I don't even remember where I have learned that, but I've always thought it common knowledge: Before a piece of meat gets seasoned, or malleted for tenderizing (sorry, don't know the English word for that), or marinated, or thrown into the pan, or ground, it should be first washed under the faucet, and then patted dry. When I think of it, it also makes sense to me, because the bacteria are always on the meat surface, never inside. So I don't think it is a vestige of the time one got bloodied cuts from the village butcher, but that it applies to the modern meat pieces sold on absorbent pads too.

And then I read this question, which presumes patting (but doesn't mention washing). Most of the answers and comments seem to indicate that patting isn't always considered necessary, and there is no mention of washing the meat or of the dripping water from the washing. In fact, the answers and comments wouldn't make much sense if one assumes that the meat has been just washed.

So is washing compulsory, is it optional but a good idea, is it plain useless, or does it even have disadvantages for the meat?

  • 4
    Most meat is cooked on high heat, which kills surface bacteria in seconds
    – TFD
    Commented May 8, 2011 at 11:00

5 Answers 5


It's neither necessary nor a particularly good idea; it does little to remove bacteria from the surface of the meat (which you're about to cook, remember) and runs the risk of spraying/dripping bacteria all over the kitchen.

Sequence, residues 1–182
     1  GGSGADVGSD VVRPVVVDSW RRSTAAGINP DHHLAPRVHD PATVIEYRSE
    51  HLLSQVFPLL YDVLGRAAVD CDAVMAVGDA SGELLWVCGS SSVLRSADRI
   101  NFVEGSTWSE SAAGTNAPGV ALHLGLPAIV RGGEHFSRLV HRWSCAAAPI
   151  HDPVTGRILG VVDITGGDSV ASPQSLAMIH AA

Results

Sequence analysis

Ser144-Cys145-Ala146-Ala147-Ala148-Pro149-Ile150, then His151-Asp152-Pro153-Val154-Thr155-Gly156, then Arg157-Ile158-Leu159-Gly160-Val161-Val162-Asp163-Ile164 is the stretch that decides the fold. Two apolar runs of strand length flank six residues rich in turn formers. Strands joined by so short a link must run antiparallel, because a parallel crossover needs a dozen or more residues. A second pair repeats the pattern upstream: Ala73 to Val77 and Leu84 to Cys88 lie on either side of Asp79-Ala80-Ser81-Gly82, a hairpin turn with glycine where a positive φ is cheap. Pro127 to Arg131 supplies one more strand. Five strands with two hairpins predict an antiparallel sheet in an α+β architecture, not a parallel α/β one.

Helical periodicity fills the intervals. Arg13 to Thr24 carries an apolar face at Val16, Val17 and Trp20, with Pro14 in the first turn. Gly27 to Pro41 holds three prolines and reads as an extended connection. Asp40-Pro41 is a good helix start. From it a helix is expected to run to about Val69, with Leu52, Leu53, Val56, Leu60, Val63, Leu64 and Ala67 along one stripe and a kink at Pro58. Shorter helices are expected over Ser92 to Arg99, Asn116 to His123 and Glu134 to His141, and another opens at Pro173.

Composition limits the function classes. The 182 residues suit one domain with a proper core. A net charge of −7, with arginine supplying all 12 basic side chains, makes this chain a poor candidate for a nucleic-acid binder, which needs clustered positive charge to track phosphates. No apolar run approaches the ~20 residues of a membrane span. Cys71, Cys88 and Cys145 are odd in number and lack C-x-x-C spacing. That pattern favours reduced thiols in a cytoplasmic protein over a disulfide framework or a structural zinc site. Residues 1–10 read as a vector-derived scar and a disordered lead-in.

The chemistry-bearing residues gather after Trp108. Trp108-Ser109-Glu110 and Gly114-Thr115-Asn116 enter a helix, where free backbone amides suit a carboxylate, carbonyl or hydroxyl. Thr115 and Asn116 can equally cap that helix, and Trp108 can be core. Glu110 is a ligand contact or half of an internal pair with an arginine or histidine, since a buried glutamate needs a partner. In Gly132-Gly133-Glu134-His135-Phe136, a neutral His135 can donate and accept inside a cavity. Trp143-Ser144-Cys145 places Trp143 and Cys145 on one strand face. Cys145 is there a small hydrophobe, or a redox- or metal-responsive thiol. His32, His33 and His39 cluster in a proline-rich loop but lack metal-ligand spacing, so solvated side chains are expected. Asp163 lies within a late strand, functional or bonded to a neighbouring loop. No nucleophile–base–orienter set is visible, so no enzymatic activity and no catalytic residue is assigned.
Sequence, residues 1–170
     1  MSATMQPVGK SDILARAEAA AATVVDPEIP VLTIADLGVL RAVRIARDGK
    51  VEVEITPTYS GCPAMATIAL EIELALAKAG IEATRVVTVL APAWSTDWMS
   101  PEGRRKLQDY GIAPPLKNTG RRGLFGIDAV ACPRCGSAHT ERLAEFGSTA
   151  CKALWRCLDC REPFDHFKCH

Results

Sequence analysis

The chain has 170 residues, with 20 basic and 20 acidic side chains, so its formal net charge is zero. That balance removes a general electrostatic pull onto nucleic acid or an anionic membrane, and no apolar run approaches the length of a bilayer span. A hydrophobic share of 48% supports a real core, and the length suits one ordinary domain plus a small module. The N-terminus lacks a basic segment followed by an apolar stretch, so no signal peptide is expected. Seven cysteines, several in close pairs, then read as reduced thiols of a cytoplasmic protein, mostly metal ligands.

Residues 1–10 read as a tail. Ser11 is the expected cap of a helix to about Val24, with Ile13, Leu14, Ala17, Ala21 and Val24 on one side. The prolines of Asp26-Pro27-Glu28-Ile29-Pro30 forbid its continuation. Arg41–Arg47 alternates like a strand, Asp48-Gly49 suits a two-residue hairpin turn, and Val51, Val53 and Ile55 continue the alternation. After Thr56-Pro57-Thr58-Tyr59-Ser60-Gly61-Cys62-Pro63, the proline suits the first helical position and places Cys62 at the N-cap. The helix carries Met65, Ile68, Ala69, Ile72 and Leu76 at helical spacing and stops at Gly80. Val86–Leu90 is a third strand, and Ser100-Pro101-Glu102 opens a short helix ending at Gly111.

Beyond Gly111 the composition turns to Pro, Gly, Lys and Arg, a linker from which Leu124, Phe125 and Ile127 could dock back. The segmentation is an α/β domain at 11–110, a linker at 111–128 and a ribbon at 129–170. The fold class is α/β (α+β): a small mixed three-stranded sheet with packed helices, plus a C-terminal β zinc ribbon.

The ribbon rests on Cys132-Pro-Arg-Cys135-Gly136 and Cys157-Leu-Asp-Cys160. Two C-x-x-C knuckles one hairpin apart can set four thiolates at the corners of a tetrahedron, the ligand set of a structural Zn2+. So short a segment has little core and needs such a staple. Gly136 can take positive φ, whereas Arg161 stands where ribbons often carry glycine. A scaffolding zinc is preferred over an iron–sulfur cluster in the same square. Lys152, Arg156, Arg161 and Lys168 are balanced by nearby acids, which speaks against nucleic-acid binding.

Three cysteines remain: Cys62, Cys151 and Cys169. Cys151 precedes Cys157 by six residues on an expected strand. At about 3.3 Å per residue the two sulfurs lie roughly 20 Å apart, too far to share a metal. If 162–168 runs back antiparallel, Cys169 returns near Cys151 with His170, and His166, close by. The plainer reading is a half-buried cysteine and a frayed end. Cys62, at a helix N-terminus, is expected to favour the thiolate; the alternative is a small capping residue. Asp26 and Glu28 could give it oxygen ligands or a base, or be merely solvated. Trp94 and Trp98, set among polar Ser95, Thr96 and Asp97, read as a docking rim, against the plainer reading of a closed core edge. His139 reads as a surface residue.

The FSIS has an article on it here:

Washing raw poultry, beef, pork, lamb, or veal before cooking it is not recommended. Bacteria in raw meat and poultry juices can be spread to other foods, utensils, and surfaces.

The only exception would be something like vac-packed, wet-aged meat where you need to remove the salt, but that's a matter of preference.

I have never washed a piece of meat in my life and I'm still here!

  • 1
    I'll often do it to remove the salt/seasoning that comes with most packaged meats, particularly frozen chicken.
    – crazy2be
    Commented May 8, 2011 at 17:47
  • 2
    You should not forget the water from the faucet is not free of germs either (no holy water). Nor are your hands. So if you get good clean meat, and sniff it before you prepare it, chances are you introduce as many germs as there were on the meat in the first place. If the meat is slimey, smelly, or just plain untrustworthy, the water is not going to make it safe anyway. Meat is somewhat porous.
    – Posipiet
    Commented May 8, 2011 at 19:20
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    "I have never done this and I'm still alive" is not a valid argument. Commented Jun 3, 2018 at 16:56

I always pat my meat dry but never wash it with water. I believe the rinsing would cause a lot of the blood and meat juices to wash away,leaving less flavorful and less juicy meat. I had a friend who did not like "bloody" meat and she washed it so much it looked pale pink. Needless to say it did not taste very good and had a weird texture.

  • 1